The Conservative Government’s pledge to create an office of religious freedom within the Department of Foreign Affairs is welcome and encouraging news. This proposed office would monitor the status of religious freedom in countries around the world and provide valuable information about the relative restrictions of religion under certain regimes. The research this office would produce could greatly assist diplomatic efforts to enlighten the perpetrators of religious repression, and we earnestly hope that such an office will be speedily established. We also hope, however, that while this international watchdog is being created, a domestic division be inaugurated as well.

Whereas recent religious repressions in the rest of the world have been obvious, brutal, and swift, in the West, the freedom of religion has been subtly and slowly eroding for decades (see stories on page 10). Thus, although we applaud their initiative, it is somewhat presumptuous of the Conservatives to set up Canada as an ever-vigilant sentinel watching for violations of religious freedom around the world when many instances of such violations continue within our own boarders. Canada, in other words, cannot offer what it does not possess: if we would promote religious freedom, we ought to lead by example; if Canada would be a doctor, it should first heal itself.

In Canada, non-Christian groups enjoy generous freedoms of religious expression, but they do so under the aegis of multiculturalism. From the Sikh Dastar to Islamic banking arrangements, secular institutions can accommodate the symbols and scruples of these groups because they are embraced as tokens of these foreign cultures. As a nation denuded of its own faith, Canada is unfailingly tolerant of any exogenous cultural practices – even when such rites violate human rights, as the repeated travesties known as “honour killings” tragically attest.

Christianity, however, represents the scandal of belief outright: it is a reminder of Canada’s pre-secular past; it is otherworldly, but not exotic. Since there is no foreign passport that the Christian can flash to justify his strange persistence in belief, the values of multiculturalism cannot be invoked in his defense. The office of religious freedom which the Conservatives want to establish, then, is a kind of multiculturalism beyond our borders; we export tolerance for different faiths, but continue to discriminate against the religion which made such tolerance possible.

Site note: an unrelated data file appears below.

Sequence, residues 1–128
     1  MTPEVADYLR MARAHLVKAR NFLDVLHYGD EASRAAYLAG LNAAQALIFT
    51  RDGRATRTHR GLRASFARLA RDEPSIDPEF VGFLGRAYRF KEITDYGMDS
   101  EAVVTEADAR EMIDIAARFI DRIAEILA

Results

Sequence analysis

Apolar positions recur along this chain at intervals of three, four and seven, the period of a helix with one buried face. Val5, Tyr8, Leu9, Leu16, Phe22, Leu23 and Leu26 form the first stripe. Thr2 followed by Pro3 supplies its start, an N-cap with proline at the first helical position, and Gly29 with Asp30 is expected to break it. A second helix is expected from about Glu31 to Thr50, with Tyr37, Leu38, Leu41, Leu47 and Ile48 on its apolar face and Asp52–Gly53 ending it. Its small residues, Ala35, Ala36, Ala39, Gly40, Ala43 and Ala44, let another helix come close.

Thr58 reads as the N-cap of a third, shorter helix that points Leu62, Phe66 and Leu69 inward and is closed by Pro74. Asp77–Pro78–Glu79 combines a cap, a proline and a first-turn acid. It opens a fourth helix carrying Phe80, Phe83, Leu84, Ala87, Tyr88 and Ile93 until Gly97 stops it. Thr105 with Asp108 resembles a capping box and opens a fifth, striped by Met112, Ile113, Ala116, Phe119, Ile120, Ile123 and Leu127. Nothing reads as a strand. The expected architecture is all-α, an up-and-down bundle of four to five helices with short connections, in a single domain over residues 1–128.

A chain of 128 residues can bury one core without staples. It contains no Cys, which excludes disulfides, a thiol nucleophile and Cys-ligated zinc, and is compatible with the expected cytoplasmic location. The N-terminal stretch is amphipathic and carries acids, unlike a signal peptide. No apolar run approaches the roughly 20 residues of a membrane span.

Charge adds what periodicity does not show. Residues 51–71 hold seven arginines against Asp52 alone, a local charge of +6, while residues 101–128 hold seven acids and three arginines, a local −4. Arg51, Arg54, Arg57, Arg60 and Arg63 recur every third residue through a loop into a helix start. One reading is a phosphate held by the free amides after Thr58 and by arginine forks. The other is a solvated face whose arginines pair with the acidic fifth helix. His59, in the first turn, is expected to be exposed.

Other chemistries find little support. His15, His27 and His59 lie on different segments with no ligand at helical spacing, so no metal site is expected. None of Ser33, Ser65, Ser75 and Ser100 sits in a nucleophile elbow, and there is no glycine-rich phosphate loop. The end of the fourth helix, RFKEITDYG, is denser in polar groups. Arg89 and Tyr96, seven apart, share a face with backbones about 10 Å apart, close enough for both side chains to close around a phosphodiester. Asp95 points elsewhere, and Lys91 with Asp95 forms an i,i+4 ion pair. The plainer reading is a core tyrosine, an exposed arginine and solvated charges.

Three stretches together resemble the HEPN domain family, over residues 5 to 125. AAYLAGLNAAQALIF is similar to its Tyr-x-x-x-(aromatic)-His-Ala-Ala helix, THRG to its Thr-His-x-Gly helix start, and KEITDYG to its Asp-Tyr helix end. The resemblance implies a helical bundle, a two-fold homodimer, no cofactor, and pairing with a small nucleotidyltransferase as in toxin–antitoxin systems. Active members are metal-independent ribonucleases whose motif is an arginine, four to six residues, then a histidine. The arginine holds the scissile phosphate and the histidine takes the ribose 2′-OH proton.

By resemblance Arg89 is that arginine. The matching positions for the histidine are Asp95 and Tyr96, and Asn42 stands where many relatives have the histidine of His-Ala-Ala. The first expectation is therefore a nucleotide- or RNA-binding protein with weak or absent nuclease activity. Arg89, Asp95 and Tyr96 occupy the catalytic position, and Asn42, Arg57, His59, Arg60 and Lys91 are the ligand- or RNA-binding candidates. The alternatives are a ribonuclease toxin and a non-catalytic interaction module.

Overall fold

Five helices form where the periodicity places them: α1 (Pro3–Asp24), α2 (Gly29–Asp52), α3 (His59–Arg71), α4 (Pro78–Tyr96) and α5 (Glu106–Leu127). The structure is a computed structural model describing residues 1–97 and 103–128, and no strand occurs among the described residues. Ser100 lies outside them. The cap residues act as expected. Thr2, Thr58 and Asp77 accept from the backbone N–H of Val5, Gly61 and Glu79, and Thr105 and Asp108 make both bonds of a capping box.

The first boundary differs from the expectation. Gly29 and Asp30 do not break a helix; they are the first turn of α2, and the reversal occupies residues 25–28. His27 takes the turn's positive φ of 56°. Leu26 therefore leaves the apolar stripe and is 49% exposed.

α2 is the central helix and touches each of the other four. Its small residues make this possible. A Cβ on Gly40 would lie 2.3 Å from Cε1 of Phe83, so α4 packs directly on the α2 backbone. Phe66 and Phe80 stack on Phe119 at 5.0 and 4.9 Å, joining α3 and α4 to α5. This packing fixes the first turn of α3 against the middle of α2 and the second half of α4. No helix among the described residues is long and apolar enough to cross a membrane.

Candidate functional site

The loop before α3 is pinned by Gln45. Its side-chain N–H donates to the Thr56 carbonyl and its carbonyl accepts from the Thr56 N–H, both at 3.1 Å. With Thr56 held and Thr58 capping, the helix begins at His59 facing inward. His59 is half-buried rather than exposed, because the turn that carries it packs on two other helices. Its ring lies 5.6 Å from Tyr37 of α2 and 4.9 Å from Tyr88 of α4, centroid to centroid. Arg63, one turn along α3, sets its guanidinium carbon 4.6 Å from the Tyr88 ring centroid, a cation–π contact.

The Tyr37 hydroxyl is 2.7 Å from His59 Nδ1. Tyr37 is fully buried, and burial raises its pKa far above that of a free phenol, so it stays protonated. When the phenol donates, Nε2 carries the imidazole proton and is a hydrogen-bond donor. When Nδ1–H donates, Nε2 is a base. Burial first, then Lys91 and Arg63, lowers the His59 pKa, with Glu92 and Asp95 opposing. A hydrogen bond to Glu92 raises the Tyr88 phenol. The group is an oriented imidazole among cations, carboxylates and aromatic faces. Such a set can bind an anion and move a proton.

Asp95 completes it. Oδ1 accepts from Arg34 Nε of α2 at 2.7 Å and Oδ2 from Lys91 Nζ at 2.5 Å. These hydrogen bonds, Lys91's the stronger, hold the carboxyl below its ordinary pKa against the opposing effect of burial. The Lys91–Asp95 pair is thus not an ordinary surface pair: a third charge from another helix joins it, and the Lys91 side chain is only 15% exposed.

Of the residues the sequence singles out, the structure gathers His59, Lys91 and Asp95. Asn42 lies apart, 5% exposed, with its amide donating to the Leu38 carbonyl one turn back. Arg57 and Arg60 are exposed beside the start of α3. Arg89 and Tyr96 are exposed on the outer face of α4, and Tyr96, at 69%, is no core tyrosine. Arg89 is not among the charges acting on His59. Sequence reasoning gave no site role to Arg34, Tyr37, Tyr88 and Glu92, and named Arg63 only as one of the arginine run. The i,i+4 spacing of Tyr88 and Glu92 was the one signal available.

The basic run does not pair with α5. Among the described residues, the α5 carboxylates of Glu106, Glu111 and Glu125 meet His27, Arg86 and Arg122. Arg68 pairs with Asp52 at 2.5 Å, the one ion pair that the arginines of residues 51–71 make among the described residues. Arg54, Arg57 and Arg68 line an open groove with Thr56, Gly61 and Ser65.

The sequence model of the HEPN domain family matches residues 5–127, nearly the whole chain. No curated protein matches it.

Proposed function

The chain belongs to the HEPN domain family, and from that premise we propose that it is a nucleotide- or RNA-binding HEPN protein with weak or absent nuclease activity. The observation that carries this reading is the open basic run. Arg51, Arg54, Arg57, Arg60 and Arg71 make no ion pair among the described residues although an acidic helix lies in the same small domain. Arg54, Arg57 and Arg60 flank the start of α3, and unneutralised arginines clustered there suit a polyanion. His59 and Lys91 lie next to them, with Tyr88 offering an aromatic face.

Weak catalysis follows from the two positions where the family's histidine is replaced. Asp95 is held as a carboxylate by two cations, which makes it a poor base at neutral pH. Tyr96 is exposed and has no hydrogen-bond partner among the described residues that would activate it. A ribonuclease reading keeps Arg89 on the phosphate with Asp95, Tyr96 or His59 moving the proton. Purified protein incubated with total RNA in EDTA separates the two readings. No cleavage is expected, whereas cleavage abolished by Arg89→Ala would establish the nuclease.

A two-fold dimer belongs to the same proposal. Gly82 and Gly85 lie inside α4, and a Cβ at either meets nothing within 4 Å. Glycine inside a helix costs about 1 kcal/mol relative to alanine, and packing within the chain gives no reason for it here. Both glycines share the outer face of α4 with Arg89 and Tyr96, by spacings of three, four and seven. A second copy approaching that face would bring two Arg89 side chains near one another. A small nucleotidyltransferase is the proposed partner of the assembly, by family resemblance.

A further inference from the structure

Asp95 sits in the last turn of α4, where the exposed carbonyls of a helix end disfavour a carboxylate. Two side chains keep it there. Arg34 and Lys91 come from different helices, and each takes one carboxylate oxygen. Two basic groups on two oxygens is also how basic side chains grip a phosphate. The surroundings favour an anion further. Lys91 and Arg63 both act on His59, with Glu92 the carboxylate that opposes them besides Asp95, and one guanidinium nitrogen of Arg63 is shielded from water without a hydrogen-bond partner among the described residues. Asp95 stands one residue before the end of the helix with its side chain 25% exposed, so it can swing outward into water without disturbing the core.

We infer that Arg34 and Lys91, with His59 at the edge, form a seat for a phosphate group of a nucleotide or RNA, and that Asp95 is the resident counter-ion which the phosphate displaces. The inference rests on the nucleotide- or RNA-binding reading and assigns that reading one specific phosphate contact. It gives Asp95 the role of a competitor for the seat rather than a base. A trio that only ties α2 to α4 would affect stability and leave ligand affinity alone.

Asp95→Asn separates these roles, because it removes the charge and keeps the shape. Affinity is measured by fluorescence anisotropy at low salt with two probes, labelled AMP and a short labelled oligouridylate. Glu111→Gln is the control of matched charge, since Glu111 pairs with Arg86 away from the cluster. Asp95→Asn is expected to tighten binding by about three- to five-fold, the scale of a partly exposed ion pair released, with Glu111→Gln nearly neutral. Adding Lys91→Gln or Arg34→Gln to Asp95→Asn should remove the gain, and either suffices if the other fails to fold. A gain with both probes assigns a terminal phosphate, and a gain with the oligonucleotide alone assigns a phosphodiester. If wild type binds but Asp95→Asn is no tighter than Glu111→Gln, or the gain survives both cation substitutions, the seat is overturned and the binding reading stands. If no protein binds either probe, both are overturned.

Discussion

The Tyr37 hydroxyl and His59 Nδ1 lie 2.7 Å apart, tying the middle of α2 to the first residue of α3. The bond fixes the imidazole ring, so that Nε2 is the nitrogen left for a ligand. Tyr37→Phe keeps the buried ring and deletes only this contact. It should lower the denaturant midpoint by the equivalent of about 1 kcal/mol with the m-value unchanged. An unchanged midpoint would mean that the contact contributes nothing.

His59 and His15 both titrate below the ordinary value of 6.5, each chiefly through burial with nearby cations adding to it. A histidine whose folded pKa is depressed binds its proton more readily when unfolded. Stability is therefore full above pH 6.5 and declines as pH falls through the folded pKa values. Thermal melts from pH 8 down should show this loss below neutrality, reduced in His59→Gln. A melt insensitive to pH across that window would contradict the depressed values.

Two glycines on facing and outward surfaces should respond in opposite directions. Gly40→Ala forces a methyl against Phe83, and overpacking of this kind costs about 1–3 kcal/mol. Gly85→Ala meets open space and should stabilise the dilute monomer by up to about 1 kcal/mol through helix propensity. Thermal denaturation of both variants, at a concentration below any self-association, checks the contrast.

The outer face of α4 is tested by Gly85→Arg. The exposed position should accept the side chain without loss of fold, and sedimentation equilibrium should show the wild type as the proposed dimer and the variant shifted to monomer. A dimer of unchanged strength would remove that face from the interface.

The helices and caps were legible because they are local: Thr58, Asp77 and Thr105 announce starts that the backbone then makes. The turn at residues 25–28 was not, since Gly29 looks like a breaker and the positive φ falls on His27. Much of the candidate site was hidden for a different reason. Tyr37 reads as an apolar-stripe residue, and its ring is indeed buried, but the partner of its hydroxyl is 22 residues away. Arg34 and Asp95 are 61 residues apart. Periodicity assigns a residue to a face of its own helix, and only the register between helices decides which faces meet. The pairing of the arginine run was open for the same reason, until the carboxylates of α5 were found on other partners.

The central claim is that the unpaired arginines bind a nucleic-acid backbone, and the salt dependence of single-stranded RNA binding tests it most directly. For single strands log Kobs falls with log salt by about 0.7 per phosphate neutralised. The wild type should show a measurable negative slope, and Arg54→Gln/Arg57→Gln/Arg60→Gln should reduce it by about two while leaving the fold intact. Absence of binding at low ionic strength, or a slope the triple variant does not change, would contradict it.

This double-standard not only reveals a rank bias against Christian beliefs, but also a troubling condescension towards other creeds. Moreover, the paradoxes which such a double-standard produces cannot be ignored for long. Take, for instance, a contemporary example from our American neighbors: the Obama administration plans to coerce Catholic institutions to pay for the contraceptives (including abortifacients) of its employees and students. The flagrant violation of Catholics’ freedom of conscience troubles no one on the American left, who view this enforced funding as another triumph of the sexual revolution (which has, evidently, become a permanent revolution). And yet, it would be unthinkable that a Muslim group would be forced to provide its employees with contraceptives in a similar way. Tolerance, once again, is reserved for non-Christians.

The line between religious belief and cultural practice, however, quickly becomes blurred. Contraception is itself a sort of secular sacrament in the same way that the robust birth rates of Muslim countries are expressions of the faith of their citizens. Thus, the imposition of contraception on Catholics is really a form, not of religious repression, but enforced conversion: Catholics, like their liberated secular brethren, must go forth, and not multiply – or at least pick up the tab. However, as our sterile society heads towards an inevitable collapse of its population, the religious character of both procreation and contraception will soon become all too apparent. Nor will the meek inherit the earth: it will go, instead, to the prolific.

Thus, the other side of enlightened tolerance towards foreign religions – at home and abroad – is the Christian self-loathing that it conceals. The global disparity between the birthrates of post-Christian nations and the rest of the world proves the poignant point that the West is tolerating itself out of existence. Any office of religious freedom that does not recognize Canada’s own implicit restrictions will, therefore, enjoy limited success. If we preach the religious freedom which we do not practice, no one will listen – and no one should.